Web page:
- Pasta dura: 288 páginas
- Editor: Princeton University Press (22 de septiembre de 2015)
- Idioma: Inglés
- ISBN-10: 0691168318
- ISBN-13: 978-0691168319
- Dimensiones del producto: 16.5 x 1.9 x 24.1 cm
- Peso del envío: 481 g
- Opinión media de los clientes sobre el producto: Sé el primero en calificar este artículo
- Clasificación en los más vendidos de Amazon: nº45,190 en Libros (Ver el Top 100 en Libros)
Phishing for Phools: The Economics of Manipulation and Deception (Inglés) Pasta dura – 22 sep 2015
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One of The Times Literary Supplement's Books of the Year 2016, chosen by Paul Collier
Selected for Bloomberg View's "The Writing that Shaped Economic Thinking in 2016"
Winner of the 2016 Gold Medal in Economics, Axiom Business Book Awards
One of Foreign Affairs' Best Economic, Social, and Environmental (Economics) Books of 2016
Honorable Mention for the 2016 PROSE Award in Economics, Association of American Publishers
One of The Independent's Best Economics Books 2015
One of LinkedIn's Best Business Books of 2015
One of BusinessInsider.com's Best Business Books of 2015
One of Legal Theory Bookworm's Books of the Year 2015
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Ever since Adam Smith, the central teaching of economics has been that free markets provide us with material well-being, as if by an invisible hand. In Phishing for Phools, Nobel Prize-winning economists George Akerlof and Robert Shiller deliver a fundamental challenge to this insight, arguing that markets harm as well as help us. As long as there is profit to be made, sellers will systematically exploit our psychological weaknesses and our ignorance through manipulation and deception. Rather than being essentially benign and always creating the greater good, markets are inherently filled with tricks and traps and will "phish" us as "phools."
Phishing for Phools therefore strikes a radically new direction in economics, based on the intuitive idea that markets both give and take away. Akerlof and Shiller bring this idea to life through dozens of stories that show how phishing affects everyone, in almost every walk of life. We spend our money up to the limit, and then worry about how to pay the next month's bills. The financial system soars, then crashes. We are attracted, more than we know, by advertising. Our political system is distorted by money. We pay too much for gym memberships, cars, houses, and credit cards. Drug companies ingeniously market pharmaceuticals that do us little good, and sometimes are downright dangerous.
Phishing for Phools explores the central role of manipulation and deception in fascinating detail in each of these areas and many more. It thereby explains a paradox: why, at a time when we are better off than ever before in history, all too many of us are leading lives of quiet desperation. At the same time, the book tells stories of individuals who have stood against economic trickery--and how it can be reduced through greater knowledge, reform, and regulation.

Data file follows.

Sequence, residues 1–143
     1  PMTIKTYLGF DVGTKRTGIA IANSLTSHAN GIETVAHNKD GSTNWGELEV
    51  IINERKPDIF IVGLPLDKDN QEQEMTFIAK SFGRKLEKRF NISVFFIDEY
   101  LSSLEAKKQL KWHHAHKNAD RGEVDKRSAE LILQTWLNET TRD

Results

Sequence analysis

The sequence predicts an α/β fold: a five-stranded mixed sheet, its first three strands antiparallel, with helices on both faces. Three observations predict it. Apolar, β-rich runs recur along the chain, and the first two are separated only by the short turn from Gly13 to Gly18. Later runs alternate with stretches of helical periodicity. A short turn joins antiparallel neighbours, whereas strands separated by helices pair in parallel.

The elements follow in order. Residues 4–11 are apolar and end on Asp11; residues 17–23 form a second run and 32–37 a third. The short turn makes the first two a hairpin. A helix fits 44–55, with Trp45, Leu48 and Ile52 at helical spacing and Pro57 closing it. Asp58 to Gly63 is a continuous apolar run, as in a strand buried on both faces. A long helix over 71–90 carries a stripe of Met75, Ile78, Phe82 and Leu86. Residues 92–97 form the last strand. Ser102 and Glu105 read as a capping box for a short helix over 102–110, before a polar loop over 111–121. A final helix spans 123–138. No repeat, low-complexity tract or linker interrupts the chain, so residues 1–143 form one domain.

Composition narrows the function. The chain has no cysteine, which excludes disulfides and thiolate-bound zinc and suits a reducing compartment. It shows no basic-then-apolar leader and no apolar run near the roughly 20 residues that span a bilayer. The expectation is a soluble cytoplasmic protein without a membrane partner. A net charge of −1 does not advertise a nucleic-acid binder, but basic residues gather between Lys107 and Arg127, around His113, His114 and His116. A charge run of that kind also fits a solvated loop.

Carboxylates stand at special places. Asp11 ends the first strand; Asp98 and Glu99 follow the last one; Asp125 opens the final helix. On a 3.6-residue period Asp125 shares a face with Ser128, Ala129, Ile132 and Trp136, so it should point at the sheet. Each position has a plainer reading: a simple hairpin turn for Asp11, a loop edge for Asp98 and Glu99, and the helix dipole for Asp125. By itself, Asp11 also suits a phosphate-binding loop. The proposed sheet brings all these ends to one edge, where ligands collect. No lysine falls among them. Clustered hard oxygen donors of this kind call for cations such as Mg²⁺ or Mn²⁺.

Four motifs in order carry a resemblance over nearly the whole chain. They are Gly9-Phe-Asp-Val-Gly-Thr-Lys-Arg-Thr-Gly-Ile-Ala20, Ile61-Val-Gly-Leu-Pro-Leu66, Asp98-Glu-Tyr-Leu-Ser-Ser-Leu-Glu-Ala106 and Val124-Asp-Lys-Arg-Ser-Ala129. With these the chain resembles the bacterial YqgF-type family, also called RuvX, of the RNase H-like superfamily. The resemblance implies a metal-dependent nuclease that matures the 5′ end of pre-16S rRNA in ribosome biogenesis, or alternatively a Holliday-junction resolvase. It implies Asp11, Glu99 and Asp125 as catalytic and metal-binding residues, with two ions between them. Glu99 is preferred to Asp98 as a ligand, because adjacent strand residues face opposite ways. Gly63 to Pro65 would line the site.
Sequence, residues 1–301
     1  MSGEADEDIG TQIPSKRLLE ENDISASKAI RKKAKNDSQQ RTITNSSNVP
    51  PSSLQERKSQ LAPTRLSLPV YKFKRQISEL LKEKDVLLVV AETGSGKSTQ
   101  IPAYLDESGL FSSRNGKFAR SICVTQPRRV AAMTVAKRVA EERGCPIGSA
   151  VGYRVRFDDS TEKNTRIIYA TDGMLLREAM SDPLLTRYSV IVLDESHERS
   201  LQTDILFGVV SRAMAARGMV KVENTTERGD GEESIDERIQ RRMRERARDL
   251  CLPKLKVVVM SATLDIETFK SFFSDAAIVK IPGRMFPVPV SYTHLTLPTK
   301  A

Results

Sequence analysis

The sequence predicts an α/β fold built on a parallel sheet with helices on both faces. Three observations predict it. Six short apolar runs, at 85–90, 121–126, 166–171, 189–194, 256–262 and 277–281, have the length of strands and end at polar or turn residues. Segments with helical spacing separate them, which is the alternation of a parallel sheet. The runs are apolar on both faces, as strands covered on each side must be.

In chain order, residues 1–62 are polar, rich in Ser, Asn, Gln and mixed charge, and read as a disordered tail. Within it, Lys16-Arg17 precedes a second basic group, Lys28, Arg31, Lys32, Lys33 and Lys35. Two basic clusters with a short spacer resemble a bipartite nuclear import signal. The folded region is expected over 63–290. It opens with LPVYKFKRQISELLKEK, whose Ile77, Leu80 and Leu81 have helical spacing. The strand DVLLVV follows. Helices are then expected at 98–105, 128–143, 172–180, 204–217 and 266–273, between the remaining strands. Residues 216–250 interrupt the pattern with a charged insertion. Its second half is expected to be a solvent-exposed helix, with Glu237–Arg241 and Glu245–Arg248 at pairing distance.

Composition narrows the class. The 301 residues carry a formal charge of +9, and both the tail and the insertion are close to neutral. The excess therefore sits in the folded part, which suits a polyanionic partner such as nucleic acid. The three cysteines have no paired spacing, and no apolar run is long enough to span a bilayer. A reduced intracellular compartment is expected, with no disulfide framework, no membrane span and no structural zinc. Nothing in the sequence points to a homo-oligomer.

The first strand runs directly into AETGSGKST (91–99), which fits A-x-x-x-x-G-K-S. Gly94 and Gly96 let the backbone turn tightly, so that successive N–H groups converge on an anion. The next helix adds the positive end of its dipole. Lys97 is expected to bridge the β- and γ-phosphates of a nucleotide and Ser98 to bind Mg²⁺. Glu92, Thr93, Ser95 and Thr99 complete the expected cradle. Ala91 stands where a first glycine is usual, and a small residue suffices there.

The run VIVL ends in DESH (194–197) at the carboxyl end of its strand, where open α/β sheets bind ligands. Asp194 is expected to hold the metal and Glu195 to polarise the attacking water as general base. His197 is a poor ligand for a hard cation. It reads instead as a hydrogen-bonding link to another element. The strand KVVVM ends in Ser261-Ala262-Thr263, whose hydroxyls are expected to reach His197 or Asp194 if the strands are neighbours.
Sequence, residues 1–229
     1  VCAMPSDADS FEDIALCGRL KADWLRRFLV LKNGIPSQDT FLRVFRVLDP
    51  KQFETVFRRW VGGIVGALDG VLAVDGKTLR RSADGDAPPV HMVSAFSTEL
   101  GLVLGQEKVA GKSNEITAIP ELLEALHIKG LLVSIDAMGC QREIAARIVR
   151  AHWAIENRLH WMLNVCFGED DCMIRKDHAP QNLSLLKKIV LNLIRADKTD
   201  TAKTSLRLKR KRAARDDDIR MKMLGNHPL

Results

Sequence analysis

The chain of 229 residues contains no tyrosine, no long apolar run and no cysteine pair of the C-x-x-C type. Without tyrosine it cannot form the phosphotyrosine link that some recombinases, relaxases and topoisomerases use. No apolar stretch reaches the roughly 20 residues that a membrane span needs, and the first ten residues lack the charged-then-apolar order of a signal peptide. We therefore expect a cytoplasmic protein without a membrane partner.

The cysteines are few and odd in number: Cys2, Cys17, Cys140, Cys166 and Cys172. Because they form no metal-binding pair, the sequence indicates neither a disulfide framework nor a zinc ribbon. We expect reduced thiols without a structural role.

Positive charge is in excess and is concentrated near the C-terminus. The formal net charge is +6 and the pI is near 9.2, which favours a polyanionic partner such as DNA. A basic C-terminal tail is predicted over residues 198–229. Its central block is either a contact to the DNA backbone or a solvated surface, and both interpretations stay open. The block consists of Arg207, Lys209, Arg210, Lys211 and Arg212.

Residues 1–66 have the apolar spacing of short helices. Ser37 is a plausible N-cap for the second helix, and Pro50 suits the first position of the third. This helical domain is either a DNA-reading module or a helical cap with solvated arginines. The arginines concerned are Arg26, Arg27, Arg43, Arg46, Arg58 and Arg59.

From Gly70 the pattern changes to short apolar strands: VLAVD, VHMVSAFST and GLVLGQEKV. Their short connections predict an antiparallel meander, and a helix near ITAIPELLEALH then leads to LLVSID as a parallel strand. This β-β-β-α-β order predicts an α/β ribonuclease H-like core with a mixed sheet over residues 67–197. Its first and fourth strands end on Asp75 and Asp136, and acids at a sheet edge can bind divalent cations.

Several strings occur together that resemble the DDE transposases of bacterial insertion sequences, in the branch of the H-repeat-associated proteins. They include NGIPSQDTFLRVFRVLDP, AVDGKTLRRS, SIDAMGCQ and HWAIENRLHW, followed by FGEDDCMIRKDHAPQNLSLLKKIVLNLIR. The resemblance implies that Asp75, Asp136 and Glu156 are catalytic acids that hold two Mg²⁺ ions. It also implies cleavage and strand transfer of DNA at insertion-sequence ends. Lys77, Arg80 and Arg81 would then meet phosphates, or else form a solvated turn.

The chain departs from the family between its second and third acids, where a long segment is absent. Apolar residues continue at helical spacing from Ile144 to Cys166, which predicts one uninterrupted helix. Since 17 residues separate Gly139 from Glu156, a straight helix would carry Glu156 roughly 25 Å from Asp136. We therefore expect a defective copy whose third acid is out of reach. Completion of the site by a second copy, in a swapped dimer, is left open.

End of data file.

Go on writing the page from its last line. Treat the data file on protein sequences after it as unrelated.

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Without mentioning Marx, nor certainly without being Marxists, Akerlof and Shiller are "rediscovering" many of the basic truths of Marxism and then adding on an informational Marxism (information "haves" vs. information "have nots").
Instability of markets? Check.
Information haves vs. information have-not's? Check.
Opiate of the people? Check.
The production of an ideology to support capitalism that makes even those at the bottom "support" it? A.K.A. Antonio Gramsci? Check.
Instabilities, Inequities, and Informational Inbalances
The anecdotes of the book are a tale of instability, inequity and informational imbalance. They make a wonderful read. And to those of us who lived through the Financial Crisis and subsequent Great Recession, remind us of how the reputations of the bond raters were "phished" to make millions for the few yet cause misery for the masses. Not to mention how the capitalist state "came to the rescue" of capitalists and capitalism itself.
I am not a Marxist - don't get me wrong. I am a believer in capitalism and a conservative in the traditional (not American) sense of the word.
Perhaps Phishing for Phools is a small step towards a rediscovery of the instabilities and inequities that bedevil the capitalist system as well as a first step towards an intellectual framework that is non-Marxist yet cognizant of how unstable things really are.
I highly recommend the book. It's fun, it's easy-to-read, and when you really think about it... it gets you to think in a foundational way about what's fundamentally wrong with our current economic and political system.
Examples? Smoking. The book notes the efforts of tobacco companies to poo poo arguments that smoking was harmful to individuals. In short, such corporations masqueraded as trustworthy in order to “catch a victim.” Big pharma has done the same thing (note the example of VIOXX, which ended up costing the lives of thousands of people). In short, con people to purchase items that are not in the best interests of consumers. Is this an elitist argument (always a first attack by those who defend the indefensible—casting aspersions against those who speak truth to power).
Manipulation and deception are a part of this process. Corporations want to create demand for products that may or may not be of value (John Kenneth Galbraith, many years ago, used the term “induced consumption: to speak of a process by which ads and other messages convinced people to purchase items of dubious value to them).
Of course, free markets can be robust institutions facilitating efficient production and distribution of goods ands services. But there are plenty of opportunities to use the market to “phish” people. The authors have faith in the market—but understand that it can be manipulated.